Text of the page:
Turkey hates political correctness as a tool of imposing interests
On the morning of Nov. 9, 2016, some jubilant Trump voters openly celebrated the end of the era of political correctness, seeing the concept not as an asset, but a burden for honest interaction. And they were right.
The era of political correctness and general liberal values can be characterized as all talk but no action. In the last decade, we have all heard the leading lights of the establishment around the world talk about rights and freedoms, multiculturalism, globalization, equality, building international mechanisms to stop wars and conflicts, establish peace and care for the disadvantaged and oppressed, while condemning racism. However, then the time came to take action and silence ensued. While all these principles look good on paper, they only served to perpetuate the unjust established order to the sole benefit of the privileged.
Almost everyone knows that Obama's often-praised eloquence hid the fact that he served a select number of interest groups. The inability and inconsistency of the Obama administration's political correctness resulted in consequences unlike those from previous American administrations. Hate speech is still an issue. Gun control and injustice against black Americans are still issues of significant importance. Obama's domestic policy failures echo abroad. Trump's election is seen as the domestic reflection of the bankruptcy of the American elite at the international level. Irrespective of his many despicable remarks throughout the course of the election campaign, Trump was seen as the more honest of the two candidates. Trump pledged to build walls, Hillary Clinton promised to build bridges. The American establishment is no longer credible, neither for Americans nor for the world at large, including Turkey.
There is one bigger issue that transcends both Trump and America: The collapse of the international community. If you ask any ordinary Turkish citizen on the street what the international community is, they will simply respond: "What international community?" However, I remember a time when the U.S., as a superpower, inspired confidence in its ability to mobilize the international community to find solutions to serious problems. The Obama administration, however, is instead known more for burying its head in the sand in response to crises that have left millions dead.
Obama's red line on the use of chemical weapons in Syria was crossed years ago. Bashar Assad's regime used chemical weapons on civilian targets on three separate occasions, according to a report issued by the United Nations Organization for the Prohibition of Chemical Weapons (OPCW). The New York Times has accused Trump of ignorance and the inability to grasp the wisdom of diplomacy. Throughout its eight years, the Obama administration, with the help of the Washington establishment, displayed arrogance and a lack of courage and failed to heed its allies' advice numerous times, resulting in many formerly optimistic people across the region and around the world turning their back on Obama's policies, turning the concept of the international community into a hollow notion.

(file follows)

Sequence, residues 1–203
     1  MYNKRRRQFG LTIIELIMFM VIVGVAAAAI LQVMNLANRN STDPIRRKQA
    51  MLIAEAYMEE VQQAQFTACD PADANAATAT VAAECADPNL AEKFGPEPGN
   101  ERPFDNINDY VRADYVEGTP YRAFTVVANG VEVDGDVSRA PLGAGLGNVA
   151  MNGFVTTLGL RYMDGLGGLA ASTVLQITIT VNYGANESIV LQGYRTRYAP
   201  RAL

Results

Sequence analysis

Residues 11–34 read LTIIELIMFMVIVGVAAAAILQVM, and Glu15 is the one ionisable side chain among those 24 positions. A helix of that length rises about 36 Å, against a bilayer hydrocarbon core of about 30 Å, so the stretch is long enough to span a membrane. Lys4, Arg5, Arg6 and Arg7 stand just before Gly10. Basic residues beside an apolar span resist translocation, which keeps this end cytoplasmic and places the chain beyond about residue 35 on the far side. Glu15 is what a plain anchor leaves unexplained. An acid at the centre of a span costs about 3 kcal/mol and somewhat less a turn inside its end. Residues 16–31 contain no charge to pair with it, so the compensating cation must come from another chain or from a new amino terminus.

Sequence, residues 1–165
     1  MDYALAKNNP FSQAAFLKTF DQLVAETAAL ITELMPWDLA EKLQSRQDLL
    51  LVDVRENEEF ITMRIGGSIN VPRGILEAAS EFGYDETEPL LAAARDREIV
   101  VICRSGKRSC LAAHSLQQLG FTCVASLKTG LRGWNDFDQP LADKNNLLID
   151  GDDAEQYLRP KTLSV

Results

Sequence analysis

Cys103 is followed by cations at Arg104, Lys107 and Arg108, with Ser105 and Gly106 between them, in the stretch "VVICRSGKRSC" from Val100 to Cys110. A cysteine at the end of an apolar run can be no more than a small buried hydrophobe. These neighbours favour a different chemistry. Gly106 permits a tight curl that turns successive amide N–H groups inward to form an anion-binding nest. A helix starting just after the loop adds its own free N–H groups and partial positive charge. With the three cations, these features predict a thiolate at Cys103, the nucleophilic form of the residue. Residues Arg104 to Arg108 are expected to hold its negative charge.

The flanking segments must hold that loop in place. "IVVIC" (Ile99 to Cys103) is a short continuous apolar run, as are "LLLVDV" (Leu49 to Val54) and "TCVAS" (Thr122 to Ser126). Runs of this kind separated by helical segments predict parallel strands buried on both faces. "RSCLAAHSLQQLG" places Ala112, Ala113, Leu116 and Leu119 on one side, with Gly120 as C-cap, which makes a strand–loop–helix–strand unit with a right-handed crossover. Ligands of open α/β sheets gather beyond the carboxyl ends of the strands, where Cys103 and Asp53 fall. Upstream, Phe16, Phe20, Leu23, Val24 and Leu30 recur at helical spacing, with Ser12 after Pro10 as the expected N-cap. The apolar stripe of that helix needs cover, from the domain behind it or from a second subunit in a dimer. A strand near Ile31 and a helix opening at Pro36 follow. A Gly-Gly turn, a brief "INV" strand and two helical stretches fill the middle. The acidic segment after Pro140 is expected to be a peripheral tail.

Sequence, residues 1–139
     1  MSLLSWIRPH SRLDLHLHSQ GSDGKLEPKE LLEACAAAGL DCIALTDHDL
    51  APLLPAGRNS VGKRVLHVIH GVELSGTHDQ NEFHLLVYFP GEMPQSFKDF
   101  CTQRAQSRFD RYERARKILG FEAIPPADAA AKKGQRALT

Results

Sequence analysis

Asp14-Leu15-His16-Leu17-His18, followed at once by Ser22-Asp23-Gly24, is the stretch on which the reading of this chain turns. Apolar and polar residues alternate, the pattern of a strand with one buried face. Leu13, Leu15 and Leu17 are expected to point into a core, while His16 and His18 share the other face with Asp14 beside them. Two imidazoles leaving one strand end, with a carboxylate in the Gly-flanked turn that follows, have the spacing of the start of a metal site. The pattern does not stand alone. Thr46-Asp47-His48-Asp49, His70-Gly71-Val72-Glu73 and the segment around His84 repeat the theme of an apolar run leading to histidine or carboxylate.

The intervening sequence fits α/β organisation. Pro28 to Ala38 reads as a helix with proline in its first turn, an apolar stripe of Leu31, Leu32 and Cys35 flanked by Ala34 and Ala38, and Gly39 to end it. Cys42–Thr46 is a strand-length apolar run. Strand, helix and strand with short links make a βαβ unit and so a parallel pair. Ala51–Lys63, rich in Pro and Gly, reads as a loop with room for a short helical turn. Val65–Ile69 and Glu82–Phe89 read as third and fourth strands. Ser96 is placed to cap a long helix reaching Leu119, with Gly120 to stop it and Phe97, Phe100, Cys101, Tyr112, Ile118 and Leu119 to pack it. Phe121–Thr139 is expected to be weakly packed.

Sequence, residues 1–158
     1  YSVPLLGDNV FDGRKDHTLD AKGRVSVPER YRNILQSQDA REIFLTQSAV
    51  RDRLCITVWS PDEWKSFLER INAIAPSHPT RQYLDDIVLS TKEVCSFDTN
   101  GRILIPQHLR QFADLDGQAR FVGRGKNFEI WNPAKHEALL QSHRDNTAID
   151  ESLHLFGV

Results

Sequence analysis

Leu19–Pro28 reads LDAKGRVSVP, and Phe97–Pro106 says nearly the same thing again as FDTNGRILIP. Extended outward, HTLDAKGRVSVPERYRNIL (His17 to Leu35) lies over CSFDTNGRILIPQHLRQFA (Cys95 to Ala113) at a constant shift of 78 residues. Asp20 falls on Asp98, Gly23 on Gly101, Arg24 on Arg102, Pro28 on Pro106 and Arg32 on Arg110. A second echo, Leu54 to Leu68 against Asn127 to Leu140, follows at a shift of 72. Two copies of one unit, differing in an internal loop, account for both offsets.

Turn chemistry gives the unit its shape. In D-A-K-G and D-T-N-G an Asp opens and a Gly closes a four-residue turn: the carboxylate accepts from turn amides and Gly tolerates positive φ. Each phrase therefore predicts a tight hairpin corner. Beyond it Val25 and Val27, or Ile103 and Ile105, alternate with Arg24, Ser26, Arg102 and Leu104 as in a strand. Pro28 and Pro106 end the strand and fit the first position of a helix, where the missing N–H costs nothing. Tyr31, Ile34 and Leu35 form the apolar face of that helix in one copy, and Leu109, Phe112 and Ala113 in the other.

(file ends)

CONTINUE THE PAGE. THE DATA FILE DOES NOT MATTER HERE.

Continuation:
My last and most important point on why those in Turkey are generally supportive of Trump's victory is his unequivocal condemnation of the bloody coup attempt on July 15, 2016. He was among the first to denounce the Gülenist Terror Group (FETÖ) putsch and advised the U.S. to take immediate action against the leader of FETÖ and extradite him to Turkey as soon as possible.
It would have been too much to ask Hillary Clinton, Trump's Democratic challenger, to do the same if elected, considering that she was one of the main recipients of political donations in the U.S from Fetullah Gülen's network. The expectation that Trump's war against radicalism will include FETÖ and the belief that this terrorist group will not find suitable ground to flourish under the Trump administration strengthened pro-Trump sentiment in Turkey. The same group would have been viewed as a harmless education and religious service provider with a moderate Islamic bend if Clinton had won on Nov. 9. This was one general fear the Turkish public felt.
To conclude, it should be noted that the Turkish public also shares the general concern of Muslim-Americans of the rising Islamophobia in the U.S. We sincerely hope and pray that things said in the heat of the campaign will not be reflected in the Trump administration's policies in the next four years. Trump's election as U.S. president raised hope that he will stimulate a shift in U.S. policy toward cooperating with the country's allies rather than terrorist groups and facilitate serious measures to be taken against FETÖ activities and the group's leader in the U.S.